As the oil paint was dry the plywood received Pébéo gloss varnish. Then I worked on the cockpit interior; parts are fitting very well!

Some problems encountered emerged then: first, the way to place seatbelts. Upper seatbelt (ventral) that is “PE3” must be placed on part “A70” of the kit. See the instruction sheet. Problem is that it’s impossible after having glued the parts of the interior of the cockpit (that is the previous phases in the instruction sheet). So I’ve decided not to do that and simply to place the seatbelt on the seat…  After that, I placed the seat on the lower part of the fuselage.

Last parts of the interior are placed and half fuselages glued together.

Another problem is the poor fitting of the fixed part of the rear. That is not really good and putty will be needed. More than that I have the impression that the part is not symetric… I asked to my wife to verify and she agree with me. Fortunately the mobile part will attenuate the visual effect.

To be said that many parts are not visible in “closed configuration”, but are useful if you wish to build a Schuckert with all the panels open…

Take care also that the INTERIOR of the lower grid must be painted! I did not made that immediately, but that will be visible as you can see. So, I painted with Rub ‘n Buff after the parts were in place…

Putty was needed when assembling the wings and the fuselage. Not a big problem anyway.

Studying the next steps on the building, I have to take some decisions. For what concerns rigging, I decided not to use photoetched parts Eduard proposes: look nice, but too tiny to manipulate during the rigging phase, and it’s PE then it’s… no volume. I will work as I was working when I builded WWI fighters some times ago; so I’ve drilled holes in the lower wing.

After having masked some panels (the “metal painted” ones) I’ve airbrushed white primer. Then Vallejo wood was airbrushed on the fuselage and the propeller. …And then, Burnt Umber oil paint was generously applied on the surfaces, than removed (loooong process…) with sponge.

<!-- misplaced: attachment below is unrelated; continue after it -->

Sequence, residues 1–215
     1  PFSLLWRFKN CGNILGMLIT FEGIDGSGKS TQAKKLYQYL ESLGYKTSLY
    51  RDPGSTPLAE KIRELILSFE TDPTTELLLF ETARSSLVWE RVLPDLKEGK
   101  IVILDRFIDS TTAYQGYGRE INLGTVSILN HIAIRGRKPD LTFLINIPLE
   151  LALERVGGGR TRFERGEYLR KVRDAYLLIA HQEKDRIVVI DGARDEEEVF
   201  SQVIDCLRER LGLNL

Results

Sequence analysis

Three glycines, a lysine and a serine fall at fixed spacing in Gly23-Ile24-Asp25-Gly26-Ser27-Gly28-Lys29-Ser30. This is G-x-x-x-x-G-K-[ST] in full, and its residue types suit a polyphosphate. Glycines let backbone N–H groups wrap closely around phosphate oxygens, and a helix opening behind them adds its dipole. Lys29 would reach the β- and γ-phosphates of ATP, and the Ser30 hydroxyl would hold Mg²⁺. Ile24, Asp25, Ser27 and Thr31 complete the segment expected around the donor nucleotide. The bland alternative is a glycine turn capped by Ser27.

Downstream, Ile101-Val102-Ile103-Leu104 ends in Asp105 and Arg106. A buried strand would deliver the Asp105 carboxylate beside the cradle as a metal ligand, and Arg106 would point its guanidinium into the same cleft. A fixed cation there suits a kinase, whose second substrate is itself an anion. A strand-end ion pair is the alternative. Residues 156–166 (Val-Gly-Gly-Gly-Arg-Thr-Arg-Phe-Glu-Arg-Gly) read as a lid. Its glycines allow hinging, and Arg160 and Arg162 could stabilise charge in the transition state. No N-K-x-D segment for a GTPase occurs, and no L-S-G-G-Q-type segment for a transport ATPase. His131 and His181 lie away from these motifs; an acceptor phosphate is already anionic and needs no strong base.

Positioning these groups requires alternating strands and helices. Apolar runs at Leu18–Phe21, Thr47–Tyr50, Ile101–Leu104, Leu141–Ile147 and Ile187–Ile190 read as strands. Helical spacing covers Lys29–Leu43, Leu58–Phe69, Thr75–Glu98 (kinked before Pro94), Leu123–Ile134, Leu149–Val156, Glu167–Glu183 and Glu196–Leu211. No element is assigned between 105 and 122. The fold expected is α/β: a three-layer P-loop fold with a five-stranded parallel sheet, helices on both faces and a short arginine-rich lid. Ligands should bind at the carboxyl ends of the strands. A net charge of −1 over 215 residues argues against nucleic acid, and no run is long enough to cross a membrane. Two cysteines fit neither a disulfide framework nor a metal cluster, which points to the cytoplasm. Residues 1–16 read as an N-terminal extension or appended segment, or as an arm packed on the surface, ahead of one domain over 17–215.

Letting time to oil paint to dry, I worked on the engine. The one in the kit is simply… poor.
The one in brassin is gorgeous. But not easy to build at all… I have decided to build BOTH engine so I can show the difference. See the article written about those engines.

…Another big problem with the kit is, as I said early, the lozenges: there are not correct. Eons ago on a WWI forum, Doug Baumann offered for free drawings of lozenges that are from far better than Eduard ones. So I printed those lozenges on clear decal sheets. Eduard decals will often be useful to serve as gabarits… During the long process of lozenges setting, I have also worked a little bit on the propeller (oil paint: burnt sienna) and airbrushed the brassin machineguns with gun metal.

After all the lozenges were in place, I set the other decals from Eduard (balkankreuzen, arrows…). No problem encountered, there are very fine and easy to place.

The haubaning phase followed. I used EZ Line for that; it’s an excellent product, not easy to introduce in tiny holes (no rigidity) but once it’s placed, it’s really great you can bend it without having the glued extremity that leaves its place…

Then the upper wing is positioned, then the wheel legs and wheels and finally the propeller. Kit is finished…

Well, it’s a nice little kit. The only negative points are:
– the lozenge decals (false)
– the injected engine

Brassin sets are a must as also other lozenge decals.

I recommend the kit to those who will not hesitate to envisage to buy also lozenge decals and the brassin engine set, because the kit in himself is splendid and the strong points are from far more numerous than the weakest ones…

Daniel Clamot